Yet, the story is there and the text does present Abraham as something less than a model of faith, part of a larger narrative in which Abraham seems to act in very unfaithful ways on many occasions. There are elements on that broader vista that tell us that perhaps a different story is at work than what we have assumed, that maybe the actual biblical text of Genesis wants to tell us the story in a different way than we want to hear it. 

That simply suggests that we step back from the individual stories and take a more careful look at that broader context as a setting in which to hear the single stories. That means that we need to look not so much at the details of the individual stories first, but at the sweep of the entire Abraham narrative in order to trace the general outline of the story and the high points that are emphasized by the text itself. Hopefully, that will give us a context in which to hear the details of the individual stories, as well as a sense of the points of coherence of the larger narrative.

So, let’s examine the Abraham narratives in Genesis 12 through 22 to see if we can discern the shape and texture of that larger narrative as a context for the individual stories. Chapter 12 opens with the call of God coming to Abraham against the dead end of chapter 11 (see commentary on Genesis 12:1-9). Abraham received a commission of God to leave his homeland and strike out into a future that God would show him. God promised remarkable things for that future: a great name, protection, and blessing for both Abraham and the whole earth.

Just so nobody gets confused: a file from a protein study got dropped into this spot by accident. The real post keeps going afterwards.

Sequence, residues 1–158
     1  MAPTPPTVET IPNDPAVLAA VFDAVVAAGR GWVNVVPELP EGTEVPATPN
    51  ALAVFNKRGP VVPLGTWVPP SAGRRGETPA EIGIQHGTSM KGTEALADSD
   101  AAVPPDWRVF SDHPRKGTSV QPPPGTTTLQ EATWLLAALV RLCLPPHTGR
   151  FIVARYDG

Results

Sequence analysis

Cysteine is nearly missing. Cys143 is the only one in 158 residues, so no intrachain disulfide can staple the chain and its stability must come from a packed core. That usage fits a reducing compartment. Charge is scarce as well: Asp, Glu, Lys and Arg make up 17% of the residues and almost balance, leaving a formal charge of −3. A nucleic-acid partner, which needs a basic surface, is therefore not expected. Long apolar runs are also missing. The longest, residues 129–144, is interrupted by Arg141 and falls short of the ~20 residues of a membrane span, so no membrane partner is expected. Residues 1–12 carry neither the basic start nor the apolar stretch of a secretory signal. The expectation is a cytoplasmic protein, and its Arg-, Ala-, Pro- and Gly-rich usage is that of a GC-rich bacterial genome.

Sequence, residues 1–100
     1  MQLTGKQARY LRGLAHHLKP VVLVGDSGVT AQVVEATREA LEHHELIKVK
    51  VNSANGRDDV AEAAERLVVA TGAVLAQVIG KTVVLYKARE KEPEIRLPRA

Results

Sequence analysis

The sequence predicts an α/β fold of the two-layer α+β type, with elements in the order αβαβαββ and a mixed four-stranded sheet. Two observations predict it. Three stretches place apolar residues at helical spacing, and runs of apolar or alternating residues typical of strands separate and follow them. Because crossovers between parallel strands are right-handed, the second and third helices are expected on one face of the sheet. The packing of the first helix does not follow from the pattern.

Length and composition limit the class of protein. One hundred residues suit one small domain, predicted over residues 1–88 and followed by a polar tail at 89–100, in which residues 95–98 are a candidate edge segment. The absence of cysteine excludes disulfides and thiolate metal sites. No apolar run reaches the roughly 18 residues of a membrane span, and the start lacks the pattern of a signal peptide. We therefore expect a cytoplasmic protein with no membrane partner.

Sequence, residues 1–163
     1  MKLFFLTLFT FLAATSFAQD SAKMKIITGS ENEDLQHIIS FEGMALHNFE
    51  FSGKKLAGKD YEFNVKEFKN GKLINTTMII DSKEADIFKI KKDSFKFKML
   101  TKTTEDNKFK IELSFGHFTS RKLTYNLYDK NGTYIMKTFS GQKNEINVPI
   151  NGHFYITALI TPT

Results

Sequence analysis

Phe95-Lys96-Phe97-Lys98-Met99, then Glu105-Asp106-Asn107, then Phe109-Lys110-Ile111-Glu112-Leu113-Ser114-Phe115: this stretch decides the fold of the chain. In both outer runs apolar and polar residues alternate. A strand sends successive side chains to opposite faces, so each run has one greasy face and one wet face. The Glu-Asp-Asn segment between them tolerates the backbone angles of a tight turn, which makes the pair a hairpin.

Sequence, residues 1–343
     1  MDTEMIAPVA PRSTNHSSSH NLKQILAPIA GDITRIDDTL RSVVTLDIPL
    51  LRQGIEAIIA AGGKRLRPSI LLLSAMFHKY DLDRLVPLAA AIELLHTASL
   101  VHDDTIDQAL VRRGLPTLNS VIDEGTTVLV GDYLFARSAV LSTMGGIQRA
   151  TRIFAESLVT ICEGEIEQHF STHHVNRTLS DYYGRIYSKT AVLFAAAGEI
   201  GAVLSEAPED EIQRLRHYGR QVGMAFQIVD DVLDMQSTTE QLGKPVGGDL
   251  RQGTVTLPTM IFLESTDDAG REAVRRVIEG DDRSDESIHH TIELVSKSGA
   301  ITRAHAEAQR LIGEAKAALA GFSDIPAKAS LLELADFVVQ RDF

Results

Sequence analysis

And Abraham did respond in faith and went just as the Lord had told him (12:4). Certainly here is presented a man of faith who was willing to risk an unknown future on God’s leadership. Here is the picture we are used to seeing of Father Abraham, a great man of faith who was willing to obey God. At this point in the story, Abraham (or Abram as he is called early in the story) is doing everything right.

The story continues to track through the first part of chapter 12 by noting that Abraham was 75 years old . He left Haran, the place to which his father Terah had already migrated from Ur, and began his journey south to the place that God had called him. He took his wife and his brother’s son Lot and a portion of the clan and their possessions and journeyed south to the land of Canaan.

As he arrived in Canaan, God reaffirmed his promise and gave more detail (12:7): "To your offspring I will give this land." First, Abraham had just been given general promises about a future and blessing. From here throughout the rest of the story the promises will continue to unfold in more specific dimensions as Abraham journeys through the land and through the next 25 years.